Brian
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« Reply #9 on: December 01, 2012, 11:09:05 AM »

Thought of something I wanted to ask if it might be related.  I have noticed recently that when I hit my power off switch a perhaps a 0.5 to maybe 2 second delay to actual engine shutdown.  This used to be instantaneous.  Does the power-off mechanism operate in the same region as the jake buffer switch?  Reason I ask is perhaps something else is getting gummed up in there.


Scott
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« Reply #10 on: December 01, 2012, 11:46:39 AM »

Yes, the two are in the same area of the governor.  It might be worth while taking a look to see that the shut-down lever isn't binding, etc.  Inside the governor there are a series of levers and springs.  When the engine goes to no-fuel because it's on zero throttle and over-run, the levers and springs combine to press on the end of the buffer screw, which in turn activates the jake switch.  When the shut-down lever is activated, that spring/lever setup is over-ridden and the engine is forced into no-fuel.

On my engine (MCI setup) it's very easy for me to turn the engine stop lever and see if it's sticky or moving well.  There is a return spring on it, it should move smoothly clockwise to activate and snap back on it's own when released.  With the engine off and power on, you should see power on one terminal of the jake switch, other side off, then see the power transfer through the switch when you turn the engine stop lever all the way clockwise.  I can hear mine switch, too, if it's quiet around.  If you feel the need to lubricate beyond what you can do from the outside, you can take the top of the governor off - it just lifts off and doesn't disturb anything inside.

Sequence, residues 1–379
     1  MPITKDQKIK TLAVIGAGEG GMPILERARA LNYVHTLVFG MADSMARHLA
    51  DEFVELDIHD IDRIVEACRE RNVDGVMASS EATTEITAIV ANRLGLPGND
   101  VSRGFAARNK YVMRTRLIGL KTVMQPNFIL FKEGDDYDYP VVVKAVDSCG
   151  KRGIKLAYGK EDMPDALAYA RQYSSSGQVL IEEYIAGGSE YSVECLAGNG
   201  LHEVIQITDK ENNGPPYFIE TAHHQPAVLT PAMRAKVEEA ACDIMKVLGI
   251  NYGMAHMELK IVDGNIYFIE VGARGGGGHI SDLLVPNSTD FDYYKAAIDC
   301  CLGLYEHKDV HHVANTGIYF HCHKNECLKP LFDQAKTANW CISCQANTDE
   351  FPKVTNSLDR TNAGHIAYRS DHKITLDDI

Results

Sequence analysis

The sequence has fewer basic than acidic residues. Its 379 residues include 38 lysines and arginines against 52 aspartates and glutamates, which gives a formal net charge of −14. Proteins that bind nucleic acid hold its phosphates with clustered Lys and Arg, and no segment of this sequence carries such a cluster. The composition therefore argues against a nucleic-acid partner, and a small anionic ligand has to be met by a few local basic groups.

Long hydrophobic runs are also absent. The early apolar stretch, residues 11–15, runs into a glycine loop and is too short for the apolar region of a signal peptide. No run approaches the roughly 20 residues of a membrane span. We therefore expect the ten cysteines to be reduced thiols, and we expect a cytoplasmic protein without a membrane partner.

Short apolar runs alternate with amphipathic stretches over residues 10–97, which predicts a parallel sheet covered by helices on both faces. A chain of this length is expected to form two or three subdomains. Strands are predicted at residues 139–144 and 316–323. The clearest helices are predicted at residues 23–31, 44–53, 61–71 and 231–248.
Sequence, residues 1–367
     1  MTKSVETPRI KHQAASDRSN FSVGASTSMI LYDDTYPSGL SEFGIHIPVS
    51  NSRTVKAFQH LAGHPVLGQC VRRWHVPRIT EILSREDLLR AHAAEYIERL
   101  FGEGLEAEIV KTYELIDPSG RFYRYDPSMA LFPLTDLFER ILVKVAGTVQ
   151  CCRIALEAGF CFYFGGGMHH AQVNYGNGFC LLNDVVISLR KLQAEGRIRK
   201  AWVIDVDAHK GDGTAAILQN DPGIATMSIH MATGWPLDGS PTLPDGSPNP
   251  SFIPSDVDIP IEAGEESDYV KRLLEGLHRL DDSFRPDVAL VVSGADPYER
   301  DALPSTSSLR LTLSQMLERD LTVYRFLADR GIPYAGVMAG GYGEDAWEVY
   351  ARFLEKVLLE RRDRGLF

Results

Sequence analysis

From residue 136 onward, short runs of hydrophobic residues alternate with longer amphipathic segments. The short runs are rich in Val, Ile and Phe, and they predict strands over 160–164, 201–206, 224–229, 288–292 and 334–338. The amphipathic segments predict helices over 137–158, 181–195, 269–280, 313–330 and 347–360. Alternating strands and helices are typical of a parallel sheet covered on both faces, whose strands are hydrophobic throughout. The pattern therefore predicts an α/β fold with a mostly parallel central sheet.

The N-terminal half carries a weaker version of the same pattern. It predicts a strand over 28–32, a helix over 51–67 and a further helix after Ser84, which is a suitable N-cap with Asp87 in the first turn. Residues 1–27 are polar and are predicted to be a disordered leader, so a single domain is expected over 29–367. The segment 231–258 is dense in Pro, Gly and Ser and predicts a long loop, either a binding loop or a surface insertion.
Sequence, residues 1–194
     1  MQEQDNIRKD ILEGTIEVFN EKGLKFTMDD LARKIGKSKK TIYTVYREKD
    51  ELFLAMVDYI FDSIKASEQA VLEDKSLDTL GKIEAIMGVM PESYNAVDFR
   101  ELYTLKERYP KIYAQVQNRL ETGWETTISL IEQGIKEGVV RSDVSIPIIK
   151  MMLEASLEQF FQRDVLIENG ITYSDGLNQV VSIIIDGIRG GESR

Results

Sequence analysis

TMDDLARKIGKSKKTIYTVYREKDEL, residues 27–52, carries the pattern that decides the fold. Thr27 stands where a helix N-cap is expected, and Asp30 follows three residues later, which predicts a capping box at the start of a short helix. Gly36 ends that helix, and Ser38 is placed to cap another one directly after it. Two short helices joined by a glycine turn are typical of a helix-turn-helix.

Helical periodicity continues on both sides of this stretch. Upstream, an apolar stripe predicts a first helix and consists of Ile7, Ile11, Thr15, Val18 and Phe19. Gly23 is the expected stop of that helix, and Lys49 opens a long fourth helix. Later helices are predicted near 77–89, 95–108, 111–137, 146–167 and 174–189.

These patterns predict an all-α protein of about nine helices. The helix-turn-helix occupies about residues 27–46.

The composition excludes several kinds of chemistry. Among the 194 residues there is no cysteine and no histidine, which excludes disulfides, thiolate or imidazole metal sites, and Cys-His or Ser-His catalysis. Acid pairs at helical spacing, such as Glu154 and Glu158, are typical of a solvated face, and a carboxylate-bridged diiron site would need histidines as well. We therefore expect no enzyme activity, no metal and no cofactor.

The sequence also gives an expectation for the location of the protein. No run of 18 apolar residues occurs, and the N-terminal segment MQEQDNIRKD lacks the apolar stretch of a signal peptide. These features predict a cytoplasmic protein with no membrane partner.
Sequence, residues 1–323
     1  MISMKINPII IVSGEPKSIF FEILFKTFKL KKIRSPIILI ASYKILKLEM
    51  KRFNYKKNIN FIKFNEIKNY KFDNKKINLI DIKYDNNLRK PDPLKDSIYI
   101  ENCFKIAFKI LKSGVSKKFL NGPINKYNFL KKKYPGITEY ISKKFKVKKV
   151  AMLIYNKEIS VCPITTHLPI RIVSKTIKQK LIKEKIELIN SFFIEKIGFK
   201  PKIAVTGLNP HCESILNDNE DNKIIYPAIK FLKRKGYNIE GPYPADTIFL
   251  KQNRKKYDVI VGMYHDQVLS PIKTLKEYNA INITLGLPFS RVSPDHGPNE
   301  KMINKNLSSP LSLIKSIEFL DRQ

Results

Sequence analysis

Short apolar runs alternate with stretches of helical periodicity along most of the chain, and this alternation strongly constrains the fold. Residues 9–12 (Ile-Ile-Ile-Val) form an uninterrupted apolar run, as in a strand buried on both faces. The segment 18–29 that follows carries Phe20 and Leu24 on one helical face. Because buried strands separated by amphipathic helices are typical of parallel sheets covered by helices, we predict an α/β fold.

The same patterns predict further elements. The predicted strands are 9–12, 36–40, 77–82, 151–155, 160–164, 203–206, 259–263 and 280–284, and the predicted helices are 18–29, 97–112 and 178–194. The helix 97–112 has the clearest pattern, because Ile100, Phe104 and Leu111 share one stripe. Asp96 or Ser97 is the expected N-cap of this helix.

More likely the delay in shutdown is in the air cylinder or the Skinner valve.  If you have a rear stop switch, hit it and see if the air cylinder is moving the engine stop lever promptly, etc, or if there is a delay if you move it manually before the engine shuts down, if you can reach it while the engine is running.

Brian
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« Reply #11 on: December 01, 2012, 12:16:12 PM »

Which Jake switch do you have the Mirco switch 2 pc unit like Brian or the new style 1 pc sealed unit,the buffer controls the roll of the engine 

The starting aid will control the shut down if out of adjustment that is done on the #2 cylinder injector on the right bank which side that is on a GM is anybody guess lol 

 Sounds like you a little maintenance like a tune up but if you have the old style buffer switch you probably have lost a nylon roller or pin, try spraying carburetor cleaner on the old style in the pin opening it may gummed up also

good luck
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sdc53
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« Reply #12 on: December 01, 2012, 04:55:04 PM »

Thanks Brian and Clifford.
I've never taken the top off the governor, the throttle, etc is on top of it, if that all lifts off as one unit without disassembly I may do it. I have an air throttle in that area as well.